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Croatia will shortly join the EU – what does this mean for my IP portfolio?


27th May 2013

Reddie & Grose patent and trade mark attorney Helen Wakerley talks through some of the issues.

There are 27 countries in the EU, but on 1st July 2013 the count increases to 28 with the inclusion of Croatia. A country south of EU members Slovenia and Hungary and north of non-EU country Bosnia & Herzegovina, Croatia is famous for sailing and beaches, with a coastline boasting more than a thousand islands.

croatia image

Following Croatia’s Accession, How Should I Now Obtain Protection In The Whole Of The EU?

For patents, there is still no single Unitary Patent covering the EU. However, you have, before today, been able to validate your European granted patent (EP) in Croatia. If you need pan-EU protection, please continue to include Croatia in the list of candidate countries.

For trade marks and designs you will, if you have existing unitary EU rights, gain an automatic extension to cover Croatia. Your community trade mark registrations (CTMs), Community design registrations (CRDs) and unregistered Community design rights roll into Croatia without any action on your part. You do not have to pay any fees now or extra charges on renewal.

What If Someone Has Rights Already In Croatia?

Existing rights, if they are going to cause you problems, will tend to be on the trade mark side. The validity of a design may be called into question based on lack of novelty over a pre-published design found anywhere, not just in an EU country. The two key considerations for trade marks are:

  1. What does the mark mean to someone in Croatia? and
  2. Is there someone in Croatia with an earlier right?

The official language in Croatia is Croatian. So any CTM filed on or after 1st July 2013 could face an objection if the mark is descriptive, of geographical significance, or offensive to a Croat.

What If My Mark Falls Into One Of Those Categories? Should I Check What My Existing Marks Mean In Croatian?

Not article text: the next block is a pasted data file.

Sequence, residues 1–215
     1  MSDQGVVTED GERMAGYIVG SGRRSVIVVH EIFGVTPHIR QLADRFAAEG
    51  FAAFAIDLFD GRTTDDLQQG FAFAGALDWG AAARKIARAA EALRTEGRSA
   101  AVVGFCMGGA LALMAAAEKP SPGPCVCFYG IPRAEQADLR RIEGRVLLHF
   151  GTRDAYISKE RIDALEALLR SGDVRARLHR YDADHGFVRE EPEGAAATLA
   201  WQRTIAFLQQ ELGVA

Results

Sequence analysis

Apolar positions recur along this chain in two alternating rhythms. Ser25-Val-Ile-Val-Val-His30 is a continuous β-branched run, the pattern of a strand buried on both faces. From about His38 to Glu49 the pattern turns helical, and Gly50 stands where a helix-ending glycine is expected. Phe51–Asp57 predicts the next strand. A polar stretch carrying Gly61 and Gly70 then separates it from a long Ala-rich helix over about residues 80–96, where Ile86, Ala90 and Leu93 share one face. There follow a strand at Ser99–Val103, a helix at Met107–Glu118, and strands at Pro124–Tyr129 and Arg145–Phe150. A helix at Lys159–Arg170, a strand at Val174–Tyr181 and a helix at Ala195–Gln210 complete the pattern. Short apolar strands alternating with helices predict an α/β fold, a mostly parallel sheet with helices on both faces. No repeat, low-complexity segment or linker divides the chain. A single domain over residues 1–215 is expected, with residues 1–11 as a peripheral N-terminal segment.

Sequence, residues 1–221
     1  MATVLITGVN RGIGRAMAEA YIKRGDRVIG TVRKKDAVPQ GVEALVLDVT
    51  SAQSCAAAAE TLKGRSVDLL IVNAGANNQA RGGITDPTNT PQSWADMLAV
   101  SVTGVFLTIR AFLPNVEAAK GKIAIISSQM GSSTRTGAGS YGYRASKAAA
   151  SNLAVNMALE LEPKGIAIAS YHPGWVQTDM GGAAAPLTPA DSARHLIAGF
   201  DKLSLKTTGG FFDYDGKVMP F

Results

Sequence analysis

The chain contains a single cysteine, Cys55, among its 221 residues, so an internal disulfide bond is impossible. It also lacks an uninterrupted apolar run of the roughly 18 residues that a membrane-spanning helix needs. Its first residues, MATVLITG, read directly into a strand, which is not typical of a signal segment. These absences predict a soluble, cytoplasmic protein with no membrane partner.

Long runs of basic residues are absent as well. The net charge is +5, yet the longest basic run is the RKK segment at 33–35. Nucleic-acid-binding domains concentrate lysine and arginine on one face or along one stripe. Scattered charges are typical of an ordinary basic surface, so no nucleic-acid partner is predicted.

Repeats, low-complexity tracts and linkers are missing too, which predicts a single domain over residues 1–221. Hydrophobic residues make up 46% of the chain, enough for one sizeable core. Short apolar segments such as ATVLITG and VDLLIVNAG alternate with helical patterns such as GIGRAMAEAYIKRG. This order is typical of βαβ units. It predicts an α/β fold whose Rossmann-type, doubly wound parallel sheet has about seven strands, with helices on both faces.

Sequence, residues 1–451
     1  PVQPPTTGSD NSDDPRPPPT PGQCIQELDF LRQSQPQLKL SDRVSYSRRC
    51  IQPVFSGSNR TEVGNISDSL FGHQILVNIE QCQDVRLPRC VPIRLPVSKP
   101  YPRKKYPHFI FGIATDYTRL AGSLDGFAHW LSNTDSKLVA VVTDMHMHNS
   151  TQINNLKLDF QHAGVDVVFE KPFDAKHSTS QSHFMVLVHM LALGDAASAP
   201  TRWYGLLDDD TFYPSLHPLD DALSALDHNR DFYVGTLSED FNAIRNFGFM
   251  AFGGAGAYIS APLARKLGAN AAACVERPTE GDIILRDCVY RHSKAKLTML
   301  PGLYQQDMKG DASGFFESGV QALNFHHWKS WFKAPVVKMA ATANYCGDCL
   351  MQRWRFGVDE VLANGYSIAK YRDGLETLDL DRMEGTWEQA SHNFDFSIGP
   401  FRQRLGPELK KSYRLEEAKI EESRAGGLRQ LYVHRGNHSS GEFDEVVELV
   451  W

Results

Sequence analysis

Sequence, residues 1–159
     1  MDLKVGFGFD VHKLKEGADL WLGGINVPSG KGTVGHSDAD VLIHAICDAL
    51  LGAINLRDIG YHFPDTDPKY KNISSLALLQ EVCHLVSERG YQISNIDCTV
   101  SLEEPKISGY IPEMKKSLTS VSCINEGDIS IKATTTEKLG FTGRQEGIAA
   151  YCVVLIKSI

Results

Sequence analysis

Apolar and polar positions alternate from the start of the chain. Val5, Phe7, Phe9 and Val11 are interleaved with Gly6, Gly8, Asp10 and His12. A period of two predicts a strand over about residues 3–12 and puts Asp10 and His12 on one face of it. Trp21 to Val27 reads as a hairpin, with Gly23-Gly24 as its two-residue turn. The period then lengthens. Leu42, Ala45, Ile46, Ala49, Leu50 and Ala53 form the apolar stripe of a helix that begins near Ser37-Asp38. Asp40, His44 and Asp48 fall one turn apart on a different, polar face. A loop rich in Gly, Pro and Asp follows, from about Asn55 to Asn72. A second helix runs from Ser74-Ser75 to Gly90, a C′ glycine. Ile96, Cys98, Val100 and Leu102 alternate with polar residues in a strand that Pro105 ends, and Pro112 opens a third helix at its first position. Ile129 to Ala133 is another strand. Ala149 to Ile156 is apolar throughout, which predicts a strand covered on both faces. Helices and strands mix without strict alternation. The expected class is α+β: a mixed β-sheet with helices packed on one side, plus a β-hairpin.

No. It is not possible to attack a CTM mark that is already registered or that is the subject of a CTM application filed before 1st July 2013 in this way. Having said that, it is the filing date which has to be before 1st July 2013, not the priority date. If you are worried, filing before 30th June is advisable.

If By Chance My Mark Is Used Generically Already In Croatia, Can I Now See This As Infringement And Take Action?

No. The transitional provisions will stop you doing this.

I Have An Application For Which I Am Presently Arguing Acquired Distinctiveness. It Is A Shape Mark, So Means As Much To Croats As To People Elsewhere. Do I Have To Now File Evidence Of Use In Croatia?

No, not if your filing date is before 1st July 2013.

What If Someone Has Already Registered A Similar Mark In Croatia? Do I Have To Search And Check The Validity Of All My CTMs?

No, the owner of an earlier right in Croatia is not allowed to oppose or apply to cancel anything you have filed at OHIM before 1st July 2013. However, there is one exception. Earlier right holders are allowed to oppose anything you filed between 1st January 2013 and 30th June 2013 if their Croatian right was applied for in good faith. This applies to opposition only, and if there is a suspicion that the opponent went to the Croatian register deliberately to give them grounds for opposition, they can expect a bumpy time during the opposition. If they miss the opposition window, they cannot apply to cancel the registration, and OHIM will not be sending them a notification of the chance to oppose, so they would also have to be watching the OHIM register to find your CTM application.

For any CTM application you file on or after 1st July 2013, earlier Croatian rights can be relied upon, in the same way as any other earlier rights, and in the OHIM opposition proceedings, the question of good (or bad) faith would not be debatable. You would have to bring a separate local invalidity action to challenge the validity of their rights.

Again, it is the CTM filing date which is important, not the priority date. So, as mentioned above, if you have potential CTM applications in the pipeline, you can improve the risk of success by filing before the end of June 2013.

I Have Some National Registrations In Croatia Already, Do I Need To Maintain Them?

You can decide that a CTM gives you the protection you need and drop the Croatian rights at the next renewal date. You can also log the fact that they exist on the OHIM register in a claim to seniority and then once the national registration has lapsed, rest assured that you can convert back to the original Croatian date if anything were to happen to the CTM.

What About Enforcement? Can I Use My CTM After 1st July 2013 To Sue Someone For Trade Mark Use In Croatia?

Not necessarily. It depends on whether they have previous use there of the mark in good faith.

It Sounds Complicated

Yes, but the OHIM and EU member states have been through this before, the last time in 2007 when Romania and Bulgaria joined.

Is It Just Croatia This Time?

Yes. Looking prospectively at South Eastern Europe, Serbia, Montenegro and the Former Republic of Macedonia are all EU candidate countries but a date has not yet been set for accession.

This article is for general information only. Its content is not a statement of the law on any subject and does not constitute advice. Please contact Reddie & Grose LLP for advice before taking before any action in reliance on it.

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